Knowing Your Title
The legal status in terms of ownership of a building or plot of land are critically important as a first step in assessing development potential.
Title Deeds are legal documents that record the details of ownership and any rights over a property in the UK. The documents detail the ownership status and any legal restrictions that may affect the status of a property. The title deeds for properties in England and Wales are held at Her Majesty’s Land Registry.
This blog provides a brief overview of what title deeds are, where to find them and what to look for and understand from the legal jargon which these documents inevitably employ.
The UK Land Registry
THE HM Land Registry was set up in 1862 and records the ownership rights of freehold properties and leasehold properties where the lease has been granted for a term exceeding seven years.
Today the title deeds documents can be easily accessed and retrieved online and are available to anyone who registers with the land registry website.
Leasehold, Freehold or Commonhold
If a property is classified as freehold it means that the building is owned outright and in perpetuity. The owner’s name is identified on the title deeds as the Freeholder and Owner of the ‘Title Absolute’.
A freeholder is usually responsible for maintaining the common parts of a building such as the public areas and external walls and roof. They are usually responsible for the Buildings Insurance but individual freeholder responsibilities may need to be determined and or clarified.
If a property is classified as leasehold this means that there is a lease in place that has been granted by the freeholder. It is the temporary nature of leaseholds that sets leaseholds apart from freeholds.
The lease is a contract between a freeholder and a leaseholder that provides a temporary right to occupy land or property for a small annual fee.
For residential properties the contracts are often 90 or 100 years but there are many properties, particularly in London, with 999 year leases.
For commercial properties the specified lease period is anything from 5 to 25 years but with a number of rights to terminate the agreement on either side, usually denoted in the contract by a break clause. Commercial leases are governed by the Landlord and Tennant Act 1954.
A third and increasingly more common form of ownership is called Commonhold. This occurs when a multi-occupancy building is divided into a number of freehold units, so each individual dwelling owns its own freehold.
The common parts of the building are owned by a management company which each dwelling within the building will own a share of, the size of which is proportional to the floor area of the dwelling against the overall area of the building.
The Title Deeds contain records of freeholds and leasehold contracts that may be in place and are submitted to the UK Land Registry by the conveyancing solicitor at the time of purchase or amendment(s) to a title.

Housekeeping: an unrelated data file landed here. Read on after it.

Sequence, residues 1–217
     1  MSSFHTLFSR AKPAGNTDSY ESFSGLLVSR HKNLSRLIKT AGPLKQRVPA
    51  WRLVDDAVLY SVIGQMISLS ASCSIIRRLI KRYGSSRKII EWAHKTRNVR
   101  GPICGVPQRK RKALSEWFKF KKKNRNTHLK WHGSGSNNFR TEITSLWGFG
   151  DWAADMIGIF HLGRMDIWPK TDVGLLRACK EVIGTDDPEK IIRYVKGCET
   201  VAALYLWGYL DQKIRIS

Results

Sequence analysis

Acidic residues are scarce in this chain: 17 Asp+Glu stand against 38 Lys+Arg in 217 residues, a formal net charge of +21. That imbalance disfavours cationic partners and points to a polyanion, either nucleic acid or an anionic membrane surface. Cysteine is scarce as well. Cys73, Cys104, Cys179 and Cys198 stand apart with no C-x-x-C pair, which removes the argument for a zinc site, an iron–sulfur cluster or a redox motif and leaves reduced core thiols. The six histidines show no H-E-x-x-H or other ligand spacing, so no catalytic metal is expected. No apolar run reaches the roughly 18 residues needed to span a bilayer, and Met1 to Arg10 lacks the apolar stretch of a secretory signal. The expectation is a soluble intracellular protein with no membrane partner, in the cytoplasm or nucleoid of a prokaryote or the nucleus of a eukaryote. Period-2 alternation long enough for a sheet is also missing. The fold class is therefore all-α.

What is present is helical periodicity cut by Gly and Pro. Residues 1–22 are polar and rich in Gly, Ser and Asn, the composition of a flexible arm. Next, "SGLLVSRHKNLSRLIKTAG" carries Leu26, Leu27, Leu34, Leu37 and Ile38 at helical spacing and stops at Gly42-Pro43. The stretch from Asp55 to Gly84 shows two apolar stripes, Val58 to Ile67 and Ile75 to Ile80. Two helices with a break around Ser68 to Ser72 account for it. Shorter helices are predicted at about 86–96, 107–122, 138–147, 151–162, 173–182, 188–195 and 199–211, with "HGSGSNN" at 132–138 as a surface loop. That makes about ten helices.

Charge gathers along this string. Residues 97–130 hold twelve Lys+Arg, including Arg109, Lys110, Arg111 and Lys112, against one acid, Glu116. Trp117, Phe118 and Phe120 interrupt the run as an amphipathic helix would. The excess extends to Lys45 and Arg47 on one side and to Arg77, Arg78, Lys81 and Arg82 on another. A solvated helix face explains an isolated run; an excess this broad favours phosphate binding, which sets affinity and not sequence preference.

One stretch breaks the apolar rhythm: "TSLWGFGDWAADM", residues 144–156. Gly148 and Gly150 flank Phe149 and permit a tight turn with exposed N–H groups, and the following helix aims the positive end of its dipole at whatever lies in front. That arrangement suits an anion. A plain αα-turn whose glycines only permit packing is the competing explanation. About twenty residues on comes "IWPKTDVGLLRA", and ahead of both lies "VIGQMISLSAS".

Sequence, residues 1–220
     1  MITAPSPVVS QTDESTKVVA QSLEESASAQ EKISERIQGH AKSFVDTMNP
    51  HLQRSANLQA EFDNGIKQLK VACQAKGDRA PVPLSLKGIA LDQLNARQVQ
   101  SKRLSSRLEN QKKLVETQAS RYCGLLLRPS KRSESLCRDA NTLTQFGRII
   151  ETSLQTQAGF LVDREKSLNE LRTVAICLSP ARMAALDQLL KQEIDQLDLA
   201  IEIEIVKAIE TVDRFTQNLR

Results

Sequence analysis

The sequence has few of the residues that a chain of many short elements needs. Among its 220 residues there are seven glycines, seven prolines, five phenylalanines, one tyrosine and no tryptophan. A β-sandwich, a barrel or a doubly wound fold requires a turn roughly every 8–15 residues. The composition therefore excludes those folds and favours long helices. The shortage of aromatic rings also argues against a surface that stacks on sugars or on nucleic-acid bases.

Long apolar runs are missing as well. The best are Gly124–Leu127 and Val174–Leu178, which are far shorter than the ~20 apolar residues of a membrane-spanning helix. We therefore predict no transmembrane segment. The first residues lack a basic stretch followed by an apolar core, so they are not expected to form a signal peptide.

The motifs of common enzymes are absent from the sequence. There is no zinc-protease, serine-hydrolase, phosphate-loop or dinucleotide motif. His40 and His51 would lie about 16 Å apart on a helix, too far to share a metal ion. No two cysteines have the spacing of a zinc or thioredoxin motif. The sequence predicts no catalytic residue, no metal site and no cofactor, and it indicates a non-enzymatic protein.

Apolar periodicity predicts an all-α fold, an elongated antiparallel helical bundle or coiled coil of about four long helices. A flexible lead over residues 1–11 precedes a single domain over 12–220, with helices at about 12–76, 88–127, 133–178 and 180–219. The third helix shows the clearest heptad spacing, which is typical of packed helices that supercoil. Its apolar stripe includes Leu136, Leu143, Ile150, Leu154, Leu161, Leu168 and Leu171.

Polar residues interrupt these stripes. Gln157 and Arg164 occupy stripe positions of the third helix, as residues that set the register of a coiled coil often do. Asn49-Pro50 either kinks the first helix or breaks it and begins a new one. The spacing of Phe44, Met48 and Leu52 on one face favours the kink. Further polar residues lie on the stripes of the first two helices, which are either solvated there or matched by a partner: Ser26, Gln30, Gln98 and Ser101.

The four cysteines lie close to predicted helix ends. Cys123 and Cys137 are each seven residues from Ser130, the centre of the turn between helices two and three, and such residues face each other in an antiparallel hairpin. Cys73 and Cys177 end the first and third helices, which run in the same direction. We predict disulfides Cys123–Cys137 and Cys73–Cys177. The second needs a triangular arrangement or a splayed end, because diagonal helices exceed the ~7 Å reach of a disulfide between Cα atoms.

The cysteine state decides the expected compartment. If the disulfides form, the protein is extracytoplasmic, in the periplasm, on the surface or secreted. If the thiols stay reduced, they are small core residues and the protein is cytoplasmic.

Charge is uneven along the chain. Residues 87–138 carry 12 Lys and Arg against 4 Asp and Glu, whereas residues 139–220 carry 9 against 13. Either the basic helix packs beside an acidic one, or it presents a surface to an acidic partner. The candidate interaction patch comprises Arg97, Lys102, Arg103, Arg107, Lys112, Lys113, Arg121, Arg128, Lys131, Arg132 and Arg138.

Covenants, Easements and Wayleaves
The key things to look for are restrictions on a development that are imposed by agreement and highlighted within the title deeds.
Covenants are usually included in the titles by the previous owners of the title and are binding to all future owners. Some covenants are very old and can be bizarre in nature, some can be recent and have been executed by a previous owner.
Covenants can only be removed or ‘extinguished’ by agreement, a process that requires an application and a fee payment to the Lands Tribunal. The Lands Tribunal is a civil court with jurisdiction over land and property, relating to title obligations, Right to Buy, compulsory purchase and other private rights. This is the authority that can enable modifications to title deeds to be made.
The most common form of covenant that architects encounter is when a former owner, at the time of sale, imposes a restriction on the right of any future owner to create a development that includes, e.g. windows overlooking neighbouring properties. It may also impose height restrictions on any part of a future development.
Covenants can be an obstacle to overcome but they do not necessarily prevent a development from taking place as they can be removed. In complex covenant scenarios there are insurance policies available which will provide a developer the cover required against a covenant being enforced.
As with covenants, easements are recorded in the title deeds. An easement is generally concerned with ‘rights of way’ and may grant rights to an adjoining owner (including utility companies) for access across parts or all of a piece of land.
Rights of way and other easements may be obtained through a history of usage, this is known as a ‘Prescriptive Easement’.
Applications for a Prescriptive Easement, i.e. if a right of way has been enjoyed for a specific amount of time, can be obtained by applying to the Land Registry.
There are exemptions to certain rights, in cases involving National Rail routes, Waterways or Crown Land. These applications must be endorsed by the relevant Authority via a Statutory Declaration.
Redundant or out-dated easements can be removed by application to the Lands Tribunal.
Wayleaves grant rights for utilities and services to pass over or under a piece of land or property and can be time limited or given in perpetuity. They are generally granted in favour of statutory undertakers, the providers of utilities, e.g. Water, Gas or Electricity. Wayleaves are normally identified within the Title Deeds.
As architects it is important to have an understanding of what the Titles to a property are and the implications of their content. We always check the content of title deeds with our legal partners, Teacher Stern Solicitors, who are experts in legislation and conveyancing.
Our contact there is Dov Katz email@example.com